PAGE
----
Kosovo officials met in Albania Monday to develop a minority rights package ahead of their U.N.-sponsored talks with Serbian officials. Kosovo's Consultative Group on Communities, made up of ethnic Albanian officials and representatives of minority groups, were discussing what to present in the next round of talks with Serb officials.
The two sides have held two previous rounds of talks that ended without any clear agreement, but pledged to meet again in Vienna on April 3 to discuss reforms that could give Serbs more of a say in areas where they live. Kosovo has been run by the United Nations since mid-1999, when a NATO air war halted a Serb crackdown on separatist ethnic Albanians fighting for independence, and forced Belgrade to relinquish control of the province. Kosovo officially remains a province of Serbia.
The U.N.-sponsored talks in Vienna are an attempt to resolve the province's future status. Ethnic Albanians, who comprise about 90 percent of the population of 2 million, insist on full independence. But Serbia, and Kosovo's Serb minority, say Belgrade must retain some control. "The Serb presence, as an important part of this dialogue, is a new factor," said Veton Surroi, the Albanian coordinator of Monday's meeting, held in the port city of Durres, 33 kilometers (20 miles) west of Tirana, the Albanian capital.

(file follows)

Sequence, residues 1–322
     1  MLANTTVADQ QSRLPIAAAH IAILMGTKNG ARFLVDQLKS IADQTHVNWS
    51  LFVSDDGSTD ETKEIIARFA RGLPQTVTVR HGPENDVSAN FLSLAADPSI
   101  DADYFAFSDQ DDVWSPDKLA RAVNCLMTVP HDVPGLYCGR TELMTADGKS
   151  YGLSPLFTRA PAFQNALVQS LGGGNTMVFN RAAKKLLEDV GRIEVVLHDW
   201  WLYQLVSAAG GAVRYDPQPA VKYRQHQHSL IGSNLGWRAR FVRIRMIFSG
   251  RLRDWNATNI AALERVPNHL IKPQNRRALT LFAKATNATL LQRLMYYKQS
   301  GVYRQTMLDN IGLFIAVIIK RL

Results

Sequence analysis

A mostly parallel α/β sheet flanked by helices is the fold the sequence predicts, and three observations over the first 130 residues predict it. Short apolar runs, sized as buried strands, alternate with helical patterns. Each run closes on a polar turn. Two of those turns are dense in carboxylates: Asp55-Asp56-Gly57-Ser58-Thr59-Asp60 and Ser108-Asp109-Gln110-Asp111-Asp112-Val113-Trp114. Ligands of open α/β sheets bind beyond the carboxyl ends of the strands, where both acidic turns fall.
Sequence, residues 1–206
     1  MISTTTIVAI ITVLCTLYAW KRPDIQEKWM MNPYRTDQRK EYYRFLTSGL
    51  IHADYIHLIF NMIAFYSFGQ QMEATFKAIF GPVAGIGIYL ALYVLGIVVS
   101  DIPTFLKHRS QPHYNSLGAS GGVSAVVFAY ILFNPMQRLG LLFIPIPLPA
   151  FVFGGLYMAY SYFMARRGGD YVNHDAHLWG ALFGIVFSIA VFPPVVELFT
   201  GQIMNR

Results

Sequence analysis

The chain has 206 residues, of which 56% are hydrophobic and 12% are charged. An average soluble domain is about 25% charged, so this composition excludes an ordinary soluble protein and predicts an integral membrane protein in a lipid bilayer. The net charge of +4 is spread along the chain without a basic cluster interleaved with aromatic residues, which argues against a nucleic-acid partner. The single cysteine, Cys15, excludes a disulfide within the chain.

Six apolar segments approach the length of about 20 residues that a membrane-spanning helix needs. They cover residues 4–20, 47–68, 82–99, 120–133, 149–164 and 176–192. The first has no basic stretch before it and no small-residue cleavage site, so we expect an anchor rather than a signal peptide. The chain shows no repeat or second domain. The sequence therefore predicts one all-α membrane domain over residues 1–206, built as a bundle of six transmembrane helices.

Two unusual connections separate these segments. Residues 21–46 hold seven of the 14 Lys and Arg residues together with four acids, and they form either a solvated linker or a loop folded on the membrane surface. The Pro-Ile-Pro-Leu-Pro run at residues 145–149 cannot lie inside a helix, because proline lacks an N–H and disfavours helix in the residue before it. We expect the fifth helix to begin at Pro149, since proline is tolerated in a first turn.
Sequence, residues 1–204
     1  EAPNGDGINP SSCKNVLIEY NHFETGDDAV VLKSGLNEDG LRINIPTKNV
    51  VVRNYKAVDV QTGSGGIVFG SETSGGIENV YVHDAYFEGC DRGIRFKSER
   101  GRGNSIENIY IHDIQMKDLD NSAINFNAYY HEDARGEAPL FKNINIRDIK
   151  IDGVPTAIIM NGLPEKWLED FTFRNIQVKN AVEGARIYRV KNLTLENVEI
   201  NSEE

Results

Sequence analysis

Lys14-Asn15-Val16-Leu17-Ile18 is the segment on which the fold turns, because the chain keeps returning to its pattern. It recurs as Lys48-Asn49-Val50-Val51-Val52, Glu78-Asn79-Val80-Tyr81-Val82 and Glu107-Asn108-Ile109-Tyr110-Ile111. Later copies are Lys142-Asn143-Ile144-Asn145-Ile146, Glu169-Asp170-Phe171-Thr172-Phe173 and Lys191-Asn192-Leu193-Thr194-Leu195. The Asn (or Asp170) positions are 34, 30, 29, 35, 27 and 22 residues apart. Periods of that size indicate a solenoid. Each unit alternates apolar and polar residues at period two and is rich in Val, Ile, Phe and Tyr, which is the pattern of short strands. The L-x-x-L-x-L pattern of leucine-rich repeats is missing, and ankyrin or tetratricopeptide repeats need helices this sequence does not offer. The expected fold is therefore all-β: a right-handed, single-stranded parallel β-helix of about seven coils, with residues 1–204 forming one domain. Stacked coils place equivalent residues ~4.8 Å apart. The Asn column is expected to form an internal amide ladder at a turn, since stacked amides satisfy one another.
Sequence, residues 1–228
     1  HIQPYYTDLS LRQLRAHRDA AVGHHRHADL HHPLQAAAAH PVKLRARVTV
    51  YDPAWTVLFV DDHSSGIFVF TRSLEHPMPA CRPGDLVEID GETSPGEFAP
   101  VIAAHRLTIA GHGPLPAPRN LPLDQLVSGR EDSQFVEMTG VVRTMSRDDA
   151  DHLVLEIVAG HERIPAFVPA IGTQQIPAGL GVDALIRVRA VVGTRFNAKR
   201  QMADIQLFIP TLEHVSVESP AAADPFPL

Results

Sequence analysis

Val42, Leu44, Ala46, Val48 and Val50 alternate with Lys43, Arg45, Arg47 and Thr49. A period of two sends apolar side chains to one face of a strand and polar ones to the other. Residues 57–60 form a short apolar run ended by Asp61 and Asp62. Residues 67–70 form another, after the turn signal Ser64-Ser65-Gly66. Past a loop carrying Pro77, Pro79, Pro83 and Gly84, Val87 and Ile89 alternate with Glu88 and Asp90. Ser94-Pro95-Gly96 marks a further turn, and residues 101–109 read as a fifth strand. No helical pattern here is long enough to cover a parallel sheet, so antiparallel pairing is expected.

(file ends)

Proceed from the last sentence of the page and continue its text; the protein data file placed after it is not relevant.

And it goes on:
Oliver Ivanovic, the representative of Kosovo's Serb community, said his delegation was "interested in Pristina's stand and how much they will take Serb problems into account in the Vienna talks." He reiterated Serb complaints about unemployment and the lack of free movement for the community in Kosovo.
Philip Goldberg, the top U.S. diplomat in Kosovo, and a representative of the European Center for Minority Issues, a Germany-based think tank, were also taking part in the meeting, said a statement from the Ora political party, which coordinated the gathering, reports the AP.